Demand for developers and programmers, business and systems analysts, software engineers and help desk and IT support is still solid as job listings in the ICT industry grew during the month of August.
During the month, advertised jobs in the ICT industry grew by 4 per cent, according to the August edition of job advertising website SEEK’s Employment Report.
This growth comes as the nation overall recorded a month-on-month decline of 2 per cent. When looking at the month compared to August 2019 however, the decline increases to 29.1 per cent year-on-year.
While the ICT industry didn’t see as much growth compared to other sectors, such as the advertising, arts and media sector’s 16 per cent growth, it was one of the sectors to record the highest month-on-month number of job ad listings, alongside healthcare and medical and manufacturing, transport and logistics.
In terms of states and territories, Victoria was the state with the sharpest declines for the month of August, dropping 17.6 per cent over the month and 56.1 per cent compared to August last year.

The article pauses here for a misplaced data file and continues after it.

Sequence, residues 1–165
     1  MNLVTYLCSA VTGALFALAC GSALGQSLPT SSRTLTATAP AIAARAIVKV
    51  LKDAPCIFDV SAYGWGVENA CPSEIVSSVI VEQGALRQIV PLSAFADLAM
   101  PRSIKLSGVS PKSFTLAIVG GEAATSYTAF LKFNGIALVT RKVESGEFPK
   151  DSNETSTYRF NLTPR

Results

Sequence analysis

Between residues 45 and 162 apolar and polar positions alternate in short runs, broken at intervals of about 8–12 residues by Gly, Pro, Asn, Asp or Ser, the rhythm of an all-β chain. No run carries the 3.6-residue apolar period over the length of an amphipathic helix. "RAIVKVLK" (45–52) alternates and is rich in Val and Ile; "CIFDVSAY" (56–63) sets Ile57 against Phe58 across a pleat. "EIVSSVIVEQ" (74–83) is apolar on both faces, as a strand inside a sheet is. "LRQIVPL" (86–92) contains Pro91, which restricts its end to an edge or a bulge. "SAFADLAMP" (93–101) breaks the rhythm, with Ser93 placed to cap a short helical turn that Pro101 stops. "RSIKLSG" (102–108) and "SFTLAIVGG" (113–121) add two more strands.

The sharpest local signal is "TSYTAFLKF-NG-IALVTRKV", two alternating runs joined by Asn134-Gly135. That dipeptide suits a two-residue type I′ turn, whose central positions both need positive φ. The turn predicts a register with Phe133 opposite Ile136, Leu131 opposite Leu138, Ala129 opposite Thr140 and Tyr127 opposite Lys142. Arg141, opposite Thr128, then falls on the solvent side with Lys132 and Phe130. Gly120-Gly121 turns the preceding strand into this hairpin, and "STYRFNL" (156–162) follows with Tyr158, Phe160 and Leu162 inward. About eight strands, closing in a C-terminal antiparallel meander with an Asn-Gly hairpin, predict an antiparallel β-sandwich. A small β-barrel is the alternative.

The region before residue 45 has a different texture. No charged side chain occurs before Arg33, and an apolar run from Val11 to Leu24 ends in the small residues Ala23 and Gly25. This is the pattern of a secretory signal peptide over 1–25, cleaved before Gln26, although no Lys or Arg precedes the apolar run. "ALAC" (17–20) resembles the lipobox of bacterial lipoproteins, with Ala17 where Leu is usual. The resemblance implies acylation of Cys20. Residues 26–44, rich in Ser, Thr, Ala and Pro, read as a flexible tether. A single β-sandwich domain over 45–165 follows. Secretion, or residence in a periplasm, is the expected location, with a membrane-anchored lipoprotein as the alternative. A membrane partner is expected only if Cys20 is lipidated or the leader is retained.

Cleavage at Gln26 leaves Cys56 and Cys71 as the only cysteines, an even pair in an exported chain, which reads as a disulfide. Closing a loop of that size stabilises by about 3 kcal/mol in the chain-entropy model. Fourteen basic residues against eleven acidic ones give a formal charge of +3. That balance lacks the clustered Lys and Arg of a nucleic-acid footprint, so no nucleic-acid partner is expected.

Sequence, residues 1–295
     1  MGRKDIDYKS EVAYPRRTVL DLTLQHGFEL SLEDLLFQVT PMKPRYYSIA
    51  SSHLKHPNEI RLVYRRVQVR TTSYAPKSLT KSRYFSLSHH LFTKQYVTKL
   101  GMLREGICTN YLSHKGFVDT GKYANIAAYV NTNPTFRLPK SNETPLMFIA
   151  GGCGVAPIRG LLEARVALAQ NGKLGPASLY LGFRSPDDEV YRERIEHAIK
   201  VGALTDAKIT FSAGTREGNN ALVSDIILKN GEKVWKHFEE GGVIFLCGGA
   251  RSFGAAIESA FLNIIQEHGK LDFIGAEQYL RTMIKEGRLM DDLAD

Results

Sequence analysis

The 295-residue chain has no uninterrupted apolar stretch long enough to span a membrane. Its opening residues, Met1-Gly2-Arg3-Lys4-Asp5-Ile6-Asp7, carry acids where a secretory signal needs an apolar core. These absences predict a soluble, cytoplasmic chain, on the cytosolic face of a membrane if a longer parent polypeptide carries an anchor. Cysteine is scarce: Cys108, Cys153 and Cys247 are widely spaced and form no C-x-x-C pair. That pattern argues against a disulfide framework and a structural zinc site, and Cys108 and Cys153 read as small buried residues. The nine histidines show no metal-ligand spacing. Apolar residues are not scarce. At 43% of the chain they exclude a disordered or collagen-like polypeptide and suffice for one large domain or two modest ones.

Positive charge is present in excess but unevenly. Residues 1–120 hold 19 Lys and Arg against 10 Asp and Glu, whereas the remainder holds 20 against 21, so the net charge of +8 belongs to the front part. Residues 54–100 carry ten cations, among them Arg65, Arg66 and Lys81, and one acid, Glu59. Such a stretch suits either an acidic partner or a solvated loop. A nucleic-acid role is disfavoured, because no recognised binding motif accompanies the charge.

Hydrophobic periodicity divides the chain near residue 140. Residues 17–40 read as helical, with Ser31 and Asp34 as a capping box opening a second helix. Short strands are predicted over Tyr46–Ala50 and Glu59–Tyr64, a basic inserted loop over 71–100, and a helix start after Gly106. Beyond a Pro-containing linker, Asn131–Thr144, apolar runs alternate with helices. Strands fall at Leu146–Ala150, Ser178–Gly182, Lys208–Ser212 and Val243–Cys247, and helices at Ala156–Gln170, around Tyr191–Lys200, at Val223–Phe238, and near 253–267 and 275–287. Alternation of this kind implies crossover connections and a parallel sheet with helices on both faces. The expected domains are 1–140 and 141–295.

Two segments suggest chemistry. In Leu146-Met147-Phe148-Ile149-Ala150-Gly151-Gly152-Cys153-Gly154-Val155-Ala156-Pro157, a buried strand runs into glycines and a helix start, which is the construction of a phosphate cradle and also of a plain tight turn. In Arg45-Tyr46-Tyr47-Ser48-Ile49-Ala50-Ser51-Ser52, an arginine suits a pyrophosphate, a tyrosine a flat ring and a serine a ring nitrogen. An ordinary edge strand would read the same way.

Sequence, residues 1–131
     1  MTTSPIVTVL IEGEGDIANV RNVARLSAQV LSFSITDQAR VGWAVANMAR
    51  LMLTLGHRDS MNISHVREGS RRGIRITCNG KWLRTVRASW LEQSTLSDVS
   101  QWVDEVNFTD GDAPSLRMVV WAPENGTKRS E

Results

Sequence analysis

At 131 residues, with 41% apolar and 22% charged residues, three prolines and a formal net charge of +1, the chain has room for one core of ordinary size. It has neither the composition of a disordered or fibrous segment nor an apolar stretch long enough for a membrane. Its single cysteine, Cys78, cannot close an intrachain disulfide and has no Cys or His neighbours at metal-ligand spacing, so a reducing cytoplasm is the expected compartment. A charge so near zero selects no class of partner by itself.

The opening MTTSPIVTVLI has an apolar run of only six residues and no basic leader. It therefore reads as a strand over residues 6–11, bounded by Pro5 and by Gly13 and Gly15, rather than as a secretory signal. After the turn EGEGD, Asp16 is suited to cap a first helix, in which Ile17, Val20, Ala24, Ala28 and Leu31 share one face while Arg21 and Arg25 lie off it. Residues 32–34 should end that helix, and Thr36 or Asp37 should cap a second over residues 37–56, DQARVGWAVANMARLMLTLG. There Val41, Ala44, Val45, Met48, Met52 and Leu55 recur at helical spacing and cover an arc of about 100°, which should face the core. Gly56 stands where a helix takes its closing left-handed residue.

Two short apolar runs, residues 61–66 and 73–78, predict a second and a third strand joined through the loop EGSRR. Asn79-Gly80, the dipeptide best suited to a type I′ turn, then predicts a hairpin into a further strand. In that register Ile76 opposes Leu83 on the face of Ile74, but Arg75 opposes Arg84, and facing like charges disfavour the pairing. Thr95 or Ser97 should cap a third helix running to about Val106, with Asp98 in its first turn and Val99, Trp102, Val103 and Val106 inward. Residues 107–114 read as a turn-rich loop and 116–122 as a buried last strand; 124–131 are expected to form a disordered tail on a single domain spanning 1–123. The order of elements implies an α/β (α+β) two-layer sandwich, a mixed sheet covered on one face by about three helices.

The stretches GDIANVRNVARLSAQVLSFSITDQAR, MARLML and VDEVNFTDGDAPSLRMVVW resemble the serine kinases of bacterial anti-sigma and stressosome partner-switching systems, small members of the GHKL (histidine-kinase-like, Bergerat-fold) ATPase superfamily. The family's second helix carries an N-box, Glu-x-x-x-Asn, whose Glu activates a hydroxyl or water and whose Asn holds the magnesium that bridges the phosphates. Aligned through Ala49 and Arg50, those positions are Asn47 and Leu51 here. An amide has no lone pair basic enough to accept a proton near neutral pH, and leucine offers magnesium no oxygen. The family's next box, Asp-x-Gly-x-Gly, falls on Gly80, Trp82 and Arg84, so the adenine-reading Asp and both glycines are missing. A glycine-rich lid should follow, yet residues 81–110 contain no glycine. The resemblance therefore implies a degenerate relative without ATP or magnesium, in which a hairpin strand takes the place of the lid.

However, when excluding Victoria, Australia actually saw a 1.8 per cent monthly increase in job ad listings, according to Kendra Banks, managing director of SEEK A/NZ.
That growth varies across the states and territories, she added
“We are seeing three distinct rates of recovery emerge across Australia. The first group are the states that have fully rebounded or have job ad rates comparable to pre- COVID levels – this includes Western Australia, South Australia, Tasmania and Northern Territory,” Banks said.
“The second group are the states that are continuing to recover towards pre-COVID levels, which are Queensland, New South Wales and the Australian Capital Territory. Unsurprisingly this leaves Victoria as the state which declined significantly for a second month, where stage four restrictions continue to have a major impact on businesses and hiring.
“NSW and Victoria, the two biggest contributors to the nation's economy, are currently the only states below the national average for year-on-year job ad growth.”